But that’s not what Robaire found. In his early rodent studies, he discovered that chemotherapy agents could degrade the quality of sperm. These sperm were still capable of fertilizing eggs, but the embryos would often spontaneously abort themselves. Among those that actually survived to term, the rodent pups had abnormally slow development. Since then, Robaire has continued to study the effects of chemotherapy drugs on sperm in rodents and humans; some of his most recent work reveals that some men continue to manufacture damaged sperm — with abnormal numbers of chromosomes and breaks in DNA — for as long as two years after their last dose of chemo. “The chemo causes really dramatic damage,” Robaire says.

While Robaire was slogging away, other scientists were quietly accumulating similar evidence. Some of the early work showed that women had more miscarriages when their male partners worked in manufacturing jobs where they were exposed to heavy metals, such as lead and mercury. Men exposed to pesticides were more likely to have children who developed leukemia. (For years, studies have linked Agent Orange, an herbicide used during the Vietnam War, to birth defects in the offspring of veterans, but a causal link has not been definitively established.) Other research suggested that men who worked with solvents, cleaning solutions, dyes and textiles, paints and other chemicals were all more likely to father kids with birth defects or childhood cancers.

Scientists also showed that it didn’t require industrial-strength chemicals to wreak havoc on men’s sperm. Smokers seemed to produce sperm with the wrong number of chromosomes, a DNA error that could lead to miscarriages or Down syndrome. (A stunning 2008 paper revealed that men with deficiencies in folate, that superstar maternal vitamin, had the same problem.) Paternal smoking has also been linked to childhood cancer, and even alcohol and caffeine can cause sperm abnormalities that derail child development.

We now know that what started as an inconceivable mystery — how could men’s environments and lifestyles possibly affect the children they would later father? — has not just one but several answers. Certain substances interfere with the earliest phase of sperm production in the testes, prompting errors in cell division that lead to genetic mutations in immature sperm cells. Chemicals can also cause what are known as epigenetic mutations, which don’t change the DNA sequence itself but alter how the body reads these genetic instructions. Essentially, an epigenetic change involves turning certain genes on or off, telling the body to pay more or less attention to the code they contain. (If genetic changes are akin to changing the lyrics of a song, epigenetic changes are like fiddling with the volume.)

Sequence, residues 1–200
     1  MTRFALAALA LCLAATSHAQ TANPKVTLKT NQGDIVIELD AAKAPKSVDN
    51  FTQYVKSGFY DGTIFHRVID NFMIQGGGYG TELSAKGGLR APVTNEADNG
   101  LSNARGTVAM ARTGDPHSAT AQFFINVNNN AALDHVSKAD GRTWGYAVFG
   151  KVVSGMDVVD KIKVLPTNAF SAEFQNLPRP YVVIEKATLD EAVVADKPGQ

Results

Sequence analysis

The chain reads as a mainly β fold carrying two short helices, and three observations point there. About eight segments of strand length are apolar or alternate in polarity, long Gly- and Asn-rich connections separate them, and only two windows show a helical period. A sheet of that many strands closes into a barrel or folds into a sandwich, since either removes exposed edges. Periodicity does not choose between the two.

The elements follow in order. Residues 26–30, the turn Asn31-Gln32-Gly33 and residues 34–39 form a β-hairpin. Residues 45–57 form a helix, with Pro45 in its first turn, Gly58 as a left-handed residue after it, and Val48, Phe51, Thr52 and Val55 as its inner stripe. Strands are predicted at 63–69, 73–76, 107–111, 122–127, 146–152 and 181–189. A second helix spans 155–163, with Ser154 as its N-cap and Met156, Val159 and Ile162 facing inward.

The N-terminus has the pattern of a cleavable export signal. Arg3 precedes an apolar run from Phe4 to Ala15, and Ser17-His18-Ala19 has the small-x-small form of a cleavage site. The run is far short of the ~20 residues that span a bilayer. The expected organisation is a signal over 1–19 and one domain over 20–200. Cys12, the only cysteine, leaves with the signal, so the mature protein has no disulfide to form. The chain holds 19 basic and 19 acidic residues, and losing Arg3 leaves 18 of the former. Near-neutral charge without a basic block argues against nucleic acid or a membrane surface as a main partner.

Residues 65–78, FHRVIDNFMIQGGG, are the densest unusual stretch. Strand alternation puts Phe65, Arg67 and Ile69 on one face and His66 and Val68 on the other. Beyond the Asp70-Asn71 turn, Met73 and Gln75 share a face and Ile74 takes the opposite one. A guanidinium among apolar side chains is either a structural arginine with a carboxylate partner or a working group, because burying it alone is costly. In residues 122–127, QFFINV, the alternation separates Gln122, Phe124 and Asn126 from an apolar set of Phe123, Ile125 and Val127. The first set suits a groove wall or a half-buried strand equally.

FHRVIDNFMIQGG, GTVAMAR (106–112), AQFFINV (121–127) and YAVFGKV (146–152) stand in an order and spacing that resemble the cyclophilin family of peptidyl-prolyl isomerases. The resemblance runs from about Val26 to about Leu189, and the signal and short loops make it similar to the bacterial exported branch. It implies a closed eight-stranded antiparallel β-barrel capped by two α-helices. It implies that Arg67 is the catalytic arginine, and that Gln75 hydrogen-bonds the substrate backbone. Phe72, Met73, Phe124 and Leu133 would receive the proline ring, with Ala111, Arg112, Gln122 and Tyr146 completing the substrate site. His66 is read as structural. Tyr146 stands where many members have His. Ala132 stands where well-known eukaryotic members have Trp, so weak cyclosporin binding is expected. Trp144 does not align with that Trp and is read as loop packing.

Drugs can also interfere with sperm transport. A 2009 study revealed that a standard dose of paroxetine — the active drug in the antidepressant marketed as Paxil — causes a fivefold increase in the number of men who show evidence of “sperm fragmentation,” which can increase the chances of miscarriage. Researchers have known that certain antidepressants can influence ejaculatory response; it turns out that they seem to slow the transportation of sperm through the male reproductive system, causing the cells to age prematurely. “Sperm are being damaged because they’re not traveling properly through the body,” says Peter Schlegel, who led the study and is a urologist at New York’s Weill Cornell Medical College.

And these findings are just the beginning. Consider, for instance, that there are some 84,000 chemicals used in American workplaces, says Barbara Grajewski, a senior epidemiologist at the National Institute of Occupational Safety and Health. Only 4,000 of these have even been evaluated for reproductive effects in men or women, and males are particularly understudied. “There’s a whole range of effects in men that really are not being given attention or are well understood,” Grajewski says. “The whole area of men’s reproductive health is way behind women’s health.”

The implications of this research deficit are huge. Some 60 percent of all birth defects today are of unknown origin; tracing even a small fraction of these back to men’s environmental exposures would constitute a major public health advance.

Despite the accumulating findings, the idea that fathers can somehow contribute to birth defects has gained little traction in the public sphere. Cigarette packs have no warnings about the association between male smokers and birth defects. A woman who drinks while she’s pregnant can be prosecuted, but most men have no idea that drinking in the months before conception is risky.